She settles in the chair, kicking off her sandals and curling her toes around the rung.

"Who are you engaged to or married to?" she asks, noticing a ring.

"My husband."

"That's unusual."

She worries that therapy is her only serious relationship. "First I was with this older man, a psychologist, then when I was 24 I got a young guy. Another guy was in New York. My young guy didn't think I had a serious drug problem, just a drug problem I had to take seriously."

About a year ago, she found a woman shrink. "Next I'm going to go for an 11-year-old child. Children are really straight, you know, like, 'Did you LIKE IT? Well, then you should DO IT.' That's what I want. Common, basic, instinctive information."

Someone whose skin is worse than yours.

"Very hard to find lately."

She orders nachos and a Coke. There's a diamond heart strung around her neck. Who gave it to her? "No one. I bought it in Israel." She lives in L.A. with her dog and a bird. "The bird and I just broke up."

She says she went into acting because it was "the family business. No one in the family is really verbal or big readers or anything. I was called, in an unkind way, a bookworm."

It was painful, having such a beautiful mother. "The fact that she was Debbie Reynolds was not completely lost on me." Her mother's effortless glamor only made Carrie feel homelier. "She had a real facility to make it look like a hot knife through butter."

The subject of her marriage comes up. She had lived with Simon off and on for seven years, all the while hobnobbing with celebrities and stars. Those were heady days. The days of "Saturday Night Live," John Belushi and Dan Aykroyd, a former beau. She and Akroyd were "Saturday Night Live," John Belushi and Dan Aykroyd, a former beau. She and Aykroyd were planning to get married. What happened?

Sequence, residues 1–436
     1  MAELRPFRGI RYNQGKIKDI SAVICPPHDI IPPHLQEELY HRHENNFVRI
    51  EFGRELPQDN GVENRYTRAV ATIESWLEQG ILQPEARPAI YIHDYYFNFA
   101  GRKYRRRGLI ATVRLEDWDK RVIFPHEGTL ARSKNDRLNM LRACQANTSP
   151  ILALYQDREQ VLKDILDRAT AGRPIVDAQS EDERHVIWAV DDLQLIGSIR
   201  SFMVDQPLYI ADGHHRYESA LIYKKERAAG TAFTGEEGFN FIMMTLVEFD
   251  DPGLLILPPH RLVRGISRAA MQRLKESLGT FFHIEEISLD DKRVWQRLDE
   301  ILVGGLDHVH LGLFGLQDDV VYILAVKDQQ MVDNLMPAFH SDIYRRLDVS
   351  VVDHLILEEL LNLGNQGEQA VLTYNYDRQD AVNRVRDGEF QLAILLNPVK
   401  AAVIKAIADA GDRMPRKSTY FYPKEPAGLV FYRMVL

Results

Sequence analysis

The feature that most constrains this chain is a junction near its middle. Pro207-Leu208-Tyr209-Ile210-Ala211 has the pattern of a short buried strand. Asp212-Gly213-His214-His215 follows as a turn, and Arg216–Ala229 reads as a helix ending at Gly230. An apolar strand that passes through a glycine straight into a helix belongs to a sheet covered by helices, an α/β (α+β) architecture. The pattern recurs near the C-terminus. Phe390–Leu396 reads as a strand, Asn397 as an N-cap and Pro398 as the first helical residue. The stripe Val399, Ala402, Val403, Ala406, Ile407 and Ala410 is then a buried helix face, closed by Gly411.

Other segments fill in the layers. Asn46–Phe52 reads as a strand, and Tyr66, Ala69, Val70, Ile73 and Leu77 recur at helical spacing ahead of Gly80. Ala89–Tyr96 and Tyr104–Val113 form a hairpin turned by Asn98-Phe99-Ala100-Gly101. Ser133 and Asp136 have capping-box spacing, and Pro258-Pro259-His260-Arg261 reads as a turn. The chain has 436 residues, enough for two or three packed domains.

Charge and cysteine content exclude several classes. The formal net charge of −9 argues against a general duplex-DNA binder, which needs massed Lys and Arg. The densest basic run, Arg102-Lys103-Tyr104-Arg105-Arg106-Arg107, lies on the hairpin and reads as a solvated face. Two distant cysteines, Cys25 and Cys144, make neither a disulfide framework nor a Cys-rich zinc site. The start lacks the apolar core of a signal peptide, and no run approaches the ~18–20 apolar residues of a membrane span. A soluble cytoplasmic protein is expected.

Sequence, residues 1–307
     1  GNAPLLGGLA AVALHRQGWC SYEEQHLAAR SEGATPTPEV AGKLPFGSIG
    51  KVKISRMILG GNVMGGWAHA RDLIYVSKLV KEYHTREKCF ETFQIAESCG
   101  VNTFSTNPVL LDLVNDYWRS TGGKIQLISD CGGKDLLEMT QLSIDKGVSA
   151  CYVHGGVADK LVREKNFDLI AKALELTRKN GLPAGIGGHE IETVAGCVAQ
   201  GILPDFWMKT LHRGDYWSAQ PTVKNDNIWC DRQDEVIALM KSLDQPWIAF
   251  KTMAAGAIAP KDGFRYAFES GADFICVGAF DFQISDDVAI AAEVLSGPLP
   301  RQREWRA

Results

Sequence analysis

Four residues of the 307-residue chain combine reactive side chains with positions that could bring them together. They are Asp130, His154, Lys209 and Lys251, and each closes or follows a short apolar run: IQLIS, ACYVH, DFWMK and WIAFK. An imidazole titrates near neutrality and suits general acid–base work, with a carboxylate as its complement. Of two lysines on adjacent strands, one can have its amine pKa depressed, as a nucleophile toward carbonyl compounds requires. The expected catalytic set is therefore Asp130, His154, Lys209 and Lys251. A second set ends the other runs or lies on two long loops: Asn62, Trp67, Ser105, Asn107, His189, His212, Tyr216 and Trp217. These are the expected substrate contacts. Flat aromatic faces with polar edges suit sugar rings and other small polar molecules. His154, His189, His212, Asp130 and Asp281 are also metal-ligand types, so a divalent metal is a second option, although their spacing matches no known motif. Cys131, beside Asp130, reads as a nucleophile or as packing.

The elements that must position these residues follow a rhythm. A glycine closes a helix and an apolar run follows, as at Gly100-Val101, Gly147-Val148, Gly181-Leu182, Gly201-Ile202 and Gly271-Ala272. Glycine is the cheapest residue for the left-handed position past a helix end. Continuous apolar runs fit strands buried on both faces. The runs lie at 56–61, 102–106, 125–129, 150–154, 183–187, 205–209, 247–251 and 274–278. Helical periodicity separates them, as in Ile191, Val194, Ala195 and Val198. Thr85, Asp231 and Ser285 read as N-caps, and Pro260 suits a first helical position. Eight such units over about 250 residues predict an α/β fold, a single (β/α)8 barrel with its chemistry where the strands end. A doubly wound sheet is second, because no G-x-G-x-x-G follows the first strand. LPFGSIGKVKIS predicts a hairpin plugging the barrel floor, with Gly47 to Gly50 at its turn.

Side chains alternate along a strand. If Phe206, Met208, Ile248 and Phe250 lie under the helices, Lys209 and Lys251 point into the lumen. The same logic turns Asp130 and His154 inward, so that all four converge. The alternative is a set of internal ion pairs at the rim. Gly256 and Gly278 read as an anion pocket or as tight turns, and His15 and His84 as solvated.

"All of you are leading lives that are very fast. He's somewhere doing a film and you're not. I got back with Paul again. I was doing a play in New York."

"We partly did it {the marriage} to save the relationship," she says. "It was a relationship based on a great conversation. It probably should have stayed a conversation."

The dangling conversation. And the superficial sighs. Are the borders of our lives.

She says her drug use was not the cause of the break-up. "It wasn't like that at all. It was an issue, but it wasn't the issue. There are so many things that make a relationship go wrong."

Yes, she says, she is aware that her search for Daddy ended with marriage to a famous singer. "Yes, I know. I think that was a feature. But I also married someone who was really smart. He was smart in areas I was not. If I had to ask a senator how many there are, Paul had stuff to tell me.

"He was afraid he was going to be in the book. He didn't know what the hell it was going to be. Then he read the book and said, 'So I'll be in the second book.' "

About the time his album "One Trick Pony" was released to less than favorable reviews, Fisher was in the hospital, recovering from surgery. They simply weren't there for each other.

They tried marital therapy. They worked hard, she says. "It was too much to work out."

So okay, then, like what would she rather be, a hammer or a nail?

She laughs. "I'd like to be both. Self-contained."

Carrie Fisher has probably done everything but Liquid Plumr.

"Everything. Ecstasy. MDA. Percodan. It's hard to get. You have to lie to doctors.

"Grass stopped working for me early on. I loved acid. Acid is like MDA with colors. I liked the colors. They used to call me 'The Pocket Zen Master.' Because I had done all these spiritual retreats and it's all like, 'I feel so connected and now I see it and you should just love everyone.' "

She says people erroneously have reported she was addicted to LSD. "Rubbing it on my body, taking saunas, letting it go into my pores. 'I'm really maintaining on three tabs.' You can't take acid too frequently. It's not like you casually decide to take it at 3 o'clock in the afternoon in midtown."

Or bum it.

"Yeah, 'Do you have a tab? I'm feeling really tense.' "